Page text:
A user of the cloud will typically create or "spin up" one or more virtual machines (VMs or "instances"). He or she then logs into the VM with administrative privileges, installs any desired software, and runs the software applications needed. These applications could be as diverse as a CPU-intensive analysis of particle physics data, or a web service directed towards scholars of literature and the humanities. The advantage is that the user has complete control over the collection of installed software (the "software stack"). The disadvantage is that the user must have some degree of experience in installing software and otherwise managing a computer.
Virtual machines can be easily replicated. One can take a "snapshot" of a VM which can then be started again elsewhere. This makes it easy to replicate or scale up a service, and to recover from (for example) a power interruption.
If you can fit your work easily into the HPC batch submission workflow and environment (see What is a scheduler?) it is preferable to work outside the cloud, as there are more resources available for HPC and software is already configured and installed for many common needs. There are also tools like Singularity to run custom software stacks inside containers within Compute Canada HPC clusters. If your need isn't served by Singularity or HPC batch, then the cloud is your solution.
Getting a Cloud project
- Review and understand the important role you are about to take on to safeguard your research and the shared cloud infrastruture.
- If you do not have a Compute Canada account, create one with these instructions.
- If you are a primary investigator (PI) with an active cloud resource allocation (see RAC) you should already have a project. See the below section using the cloud to get started. If not or you are not sure please contact technical support.
- Otherwise go here to:
- request access to an existing project
- and if you are a PI you may also:
- request a new project with our Rapid Access Service (RAS)
- or an increase in quota of an existing project.
Requests are typically processed within two business days.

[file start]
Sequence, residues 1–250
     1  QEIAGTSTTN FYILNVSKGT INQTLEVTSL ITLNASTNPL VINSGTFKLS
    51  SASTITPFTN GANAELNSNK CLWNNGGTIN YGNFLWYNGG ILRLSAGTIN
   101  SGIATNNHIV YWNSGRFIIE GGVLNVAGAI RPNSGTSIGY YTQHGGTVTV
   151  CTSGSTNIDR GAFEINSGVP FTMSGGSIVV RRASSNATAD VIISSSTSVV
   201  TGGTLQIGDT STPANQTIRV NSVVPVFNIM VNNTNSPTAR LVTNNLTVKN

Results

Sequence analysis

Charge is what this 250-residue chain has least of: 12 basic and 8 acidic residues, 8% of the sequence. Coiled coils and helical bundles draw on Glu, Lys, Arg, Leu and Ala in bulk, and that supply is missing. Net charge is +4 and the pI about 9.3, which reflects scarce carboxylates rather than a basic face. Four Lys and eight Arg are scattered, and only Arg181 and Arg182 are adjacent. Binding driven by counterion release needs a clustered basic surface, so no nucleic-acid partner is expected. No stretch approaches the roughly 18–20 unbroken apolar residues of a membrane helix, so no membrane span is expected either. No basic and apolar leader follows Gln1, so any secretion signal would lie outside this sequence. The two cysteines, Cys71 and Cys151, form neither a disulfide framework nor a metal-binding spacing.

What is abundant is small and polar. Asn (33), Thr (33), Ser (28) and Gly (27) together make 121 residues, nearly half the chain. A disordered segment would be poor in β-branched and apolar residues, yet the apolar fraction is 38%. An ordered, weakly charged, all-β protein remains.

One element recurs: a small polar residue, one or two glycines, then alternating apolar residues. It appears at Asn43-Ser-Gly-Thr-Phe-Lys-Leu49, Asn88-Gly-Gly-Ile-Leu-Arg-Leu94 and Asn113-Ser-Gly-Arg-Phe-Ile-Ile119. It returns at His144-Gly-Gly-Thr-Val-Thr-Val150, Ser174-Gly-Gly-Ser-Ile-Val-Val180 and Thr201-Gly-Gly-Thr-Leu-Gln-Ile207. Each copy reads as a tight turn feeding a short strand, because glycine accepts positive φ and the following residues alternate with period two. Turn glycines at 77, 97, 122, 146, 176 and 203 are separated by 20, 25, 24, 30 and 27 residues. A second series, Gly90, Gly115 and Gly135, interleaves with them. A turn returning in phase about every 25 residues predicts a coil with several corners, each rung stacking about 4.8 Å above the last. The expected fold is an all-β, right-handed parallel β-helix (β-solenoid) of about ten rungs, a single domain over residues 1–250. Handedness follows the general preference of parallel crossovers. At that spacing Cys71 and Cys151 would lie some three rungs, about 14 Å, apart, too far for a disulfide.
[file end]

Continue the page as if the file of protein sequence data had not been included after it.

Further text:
Preparing your request
- When requesting access to an existing project you will need to know the project name and which cloud it is on. See the section on projects for guidance on how to find the project name and the section about using the cloud for a list of Compute Canada clouds. Requests for access must be confirmed by the PI owning the project.
- When requesting either a new project or an increase in quota for an existing project some justification, in the form of a few sentences, is required:
- Why you need cloud resources
- Why an HPC cluster is not suitable
- Your plans for efficient usage of your resources
- Your plans for maintenance and security (refer to this page)
- A PI may own up to 3 projects, but the sum of all project quotas must be within the RAS allocation limits. A PI may have both compute and persistent cloud RAS allocations.
Using the Cloud
- Login to one of the clouds below where you have a project. Authenticate using your Compute Canada (CCDB) username (not your email address).
- To create your first VM, read the cloud quick start guide.
- Learn about using our cloud management platform, OpenStack.
- See the troubleshooting guide for steps to deal with common issues in cloud
- Learn how to use the Linux command line.
- Consider security issues.
- Configure a data or web server.
- Find out about the available pre-made cloud configurations.
- Back up your VMs.
- Automatically create your VMs.
- Some best practices.
- Describe your VM infrastructure as code using Terraform.
- GPU Driver Installation
- Setting up GUI Desktop on a VM
The details of the underlying hardware and Openstack versions are described on the cloud resources page. The System status wiki page contains information about the current cloud status and future planned maintenance and upgrade activities.
For questions about our cloud service, contact technical support.
Rapid Access Service
Compute Canada Data Base